Gabriela Sanchez always felt self-conscious about her small breasts, and at age 40 she decided to do something about it.
At 41, she has no breasts at all — they had to be surgically removed after implants inserted by an allegedly bogus plastic surgeon caused a severe infection.
The charges against Agustin Huerta, a sweet-talking, snappy dresser who zipped around town in a blue Jaguar, raise new questions about how easily untrained scam artists can pose as qualified doctors in Mexico.
At risk are not only the patients, but Mexico’s campaign to attract Americans with the promise of cheap and safe medical care.
Sanchez is one of 43 patients to file complaints since 2003 against Huerta, a medical doctor who allegedly branched into plastic surgery without a license and botched dozens of facelifts, liposuctions, breast implants and other procedures.
“I can’t even look at myself in the mirror,” Sanchez said, fighting back tears. “I can’t be with my husband.”
Huerta, arrested Dec. 6, faces about eight years in prison if convicted on charges of fraud, medical irresponsibility, severe damages and professional usurpation, according to lead prosecutor Elsa Arias.
“He was operating left and right for easy money and didn’t perform the proper follow-up treatments,” she said. “He knew he didn’t have the seven years of training required for those surgeries. He was lying.”
"Doctor" only had accounting degree
Such cases are surprisingly common. That same month, authorities detained a man in the border state of Coahuila for working as a doctor for more than 30 years with nothing but an accountant’s degree. And Arias made her name prosecuting former stripper Miriam Yukie Gaona, dubbed the “Beautykiller,” for allegedly injecting industrial silicone and other substances into hundreds of women.
No one keeps records on how many U.S. citizens travel south for medical procedures, but anecdotal evidence suggests the number is growing.
In the border city of Tijuana, most patients in some hospitals are American. Most come from California for dental work and plastic surgery that isn’t covered by insurance. This month, Tijuana’s medical community announced an initiative to encourage even more patients to cross the border.
The U.S. Embassy warns that while elective surgery may be cheaper in Mexico, “facilities may lack access to sufficient emergency support.”
And when things go wrong, seeking redress can be next to impossible. Class-action lawsuits — a foundation of consumer protection in the United States — don’t exist in Mexico, and the judicial system remains plagued by corruption and bureaucratic inertia.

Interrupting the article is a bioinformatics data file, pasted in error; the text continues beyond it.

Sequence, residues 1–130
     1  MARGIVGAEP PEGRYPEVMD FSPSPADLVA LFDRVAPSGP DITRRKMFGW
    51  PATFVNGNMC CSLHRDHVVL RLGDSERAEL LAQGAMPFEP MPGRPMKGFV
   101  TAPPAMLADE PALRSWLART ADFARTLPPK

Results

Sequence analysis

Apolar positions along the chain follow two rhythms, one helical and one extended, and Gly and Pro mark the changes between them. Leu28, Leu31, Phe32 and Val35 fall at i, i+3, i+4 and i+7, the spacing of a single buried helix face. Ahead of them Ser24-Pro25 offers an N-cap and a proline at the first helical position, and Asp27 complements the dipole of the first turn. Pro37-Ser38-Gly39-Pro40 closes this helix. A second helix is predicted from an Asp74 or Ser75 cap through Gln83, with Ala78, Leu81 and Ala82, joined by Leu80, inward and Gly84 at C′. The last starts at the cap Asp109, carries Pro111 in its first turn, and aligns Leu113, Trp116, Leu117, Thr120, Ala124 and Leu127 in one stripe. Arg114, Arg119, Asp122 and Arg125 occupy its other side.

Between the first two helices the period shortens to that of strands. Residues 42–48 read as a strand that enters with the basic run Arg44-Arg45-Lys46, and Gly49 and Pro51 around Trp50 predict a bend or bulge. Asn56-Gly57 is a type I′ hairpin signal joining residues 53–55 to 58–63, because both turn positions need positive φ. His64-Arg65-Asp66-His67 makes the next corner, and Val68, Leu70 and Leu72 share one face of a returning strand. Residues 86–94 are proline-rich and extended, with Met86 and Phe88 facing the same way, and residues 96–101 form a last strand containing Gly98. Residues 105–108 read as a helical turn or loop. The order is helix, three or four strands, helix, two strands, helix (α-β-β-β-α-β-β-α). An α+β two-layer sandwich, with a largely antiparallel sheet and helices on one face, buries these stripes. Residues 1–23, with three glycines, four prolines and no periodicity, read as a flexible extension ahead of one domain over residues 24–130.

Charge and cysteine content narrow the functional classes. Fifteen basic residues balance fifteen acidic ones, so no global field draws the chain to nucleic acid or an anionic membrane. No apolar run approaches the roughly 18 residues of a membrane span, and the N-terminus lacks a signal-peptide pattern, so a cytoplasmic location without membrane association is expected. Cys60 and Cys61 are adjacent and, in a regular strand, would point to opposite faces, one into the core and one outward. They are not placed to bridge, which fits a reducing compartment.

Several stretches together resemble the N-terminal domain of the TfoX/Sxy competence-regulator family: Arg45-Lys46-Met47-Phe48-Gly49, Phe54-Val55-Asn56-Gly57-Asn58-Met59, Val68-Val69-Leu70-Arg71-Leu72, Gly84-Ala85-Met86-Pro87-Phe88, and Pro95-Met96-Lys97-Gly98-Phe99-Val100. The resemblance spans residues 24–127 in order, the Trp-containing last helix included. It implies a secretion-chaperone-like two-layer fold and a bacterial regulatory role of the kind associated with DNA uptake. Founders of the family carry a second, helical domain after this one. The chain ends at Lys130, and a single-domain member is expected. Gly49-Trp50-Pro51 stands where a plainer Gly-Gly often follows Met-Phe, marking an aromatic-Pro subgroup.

Huerta’s patients found an advocate in Arias because of her experience prosecuting Gaona, who still has cases pending against her five years after her arrest.
Arias said Huerta distributed business cards reading in English “Cosmetic and Aesthetic Surgeon.” Huerta, she said, would often pressure patients to undergo surgery immediately, boasting he could make them look like the Mexican pop star Thalia.
Many were left with severe infections, disfiguring facial scars, lopsided breasts or lumpy stomachs, she said.
Huerta declined to be interviewed, but his attorney, Victor Varela, said he held a medical degree and had undergone postgraduate training in liposculpture in Europe. He said Huerta was well-qualified to perform “aesthetic procedures” but insisted none of them qualified as plastic surgery.
The doctor “only performed liposculpture, which encompasses breast and buttocks implants and liposuction,” Varela said. “It’s a question of aesthetics. It’s not plastic surgery.”
Dr. Alberto Smeke, who investigates medical misconduct for Mexico’s Health Department, called that rubbish. He said what Huerta did was clearly plastic surgery, and requires a license.
Varela said the complaining patients are after money, and accused many of bringing on their own problems by failing to follow post-operation treatment and drinking or smoking after surgery.
Full mastectomy performed for treating back pain
But patients and their families denied that they were responsible for the outcome of the procedures, and said they simply want justice.
“I’ve given up,” said Montzerrat Ramirez, 21. “I’m not charging him with homicide — I just want my money back.”
Ramirez’s mother Lorena, 39, saw Huerta in July because her back was hurting. He recommended breast reduction, a tummy tuck and liposuction, even though she had diabetes and hypertension. Once she was under the knife, Huerta performed a full mastectomy, replacing her breasts with implants, the daughter said.
Following the surgery, Lorena Ramirez’s incisions repeatedly opened and became infected, and she spent 37 days in the hospital, racking up medical bills of more than $23,800, her daughter said. She died of a heart attack in October.
Operating on a patient with diabetes and hypertension requires careful testing and monitoring, even when the most qualified plastic surgeons are involved, according to Dr. James Wells of Long Beach, Calif., former president of the American Society of Plastic Surgeons.
Gabriela Sanchez went to Huerta two days after the doctor inserted threads into face of her mother Consuelo to lift her nose and help her breathe better, a procedure he performed in the hallway of his clinic.
Gabriela Sanchez woke up the morning after her breast surgery with a gaping wound in her abdomen. Huerta, she said, told her he had inserted the implants through her belly — and even given her “a bit of lipo” as a gift. Eventually, she had to have both breasts removed because of an infection, and scars now stretch across her abdomen.
Her mother’s nose, meanwhile, became so infected that doctors had to remove the entire bone, leaving her disfigured.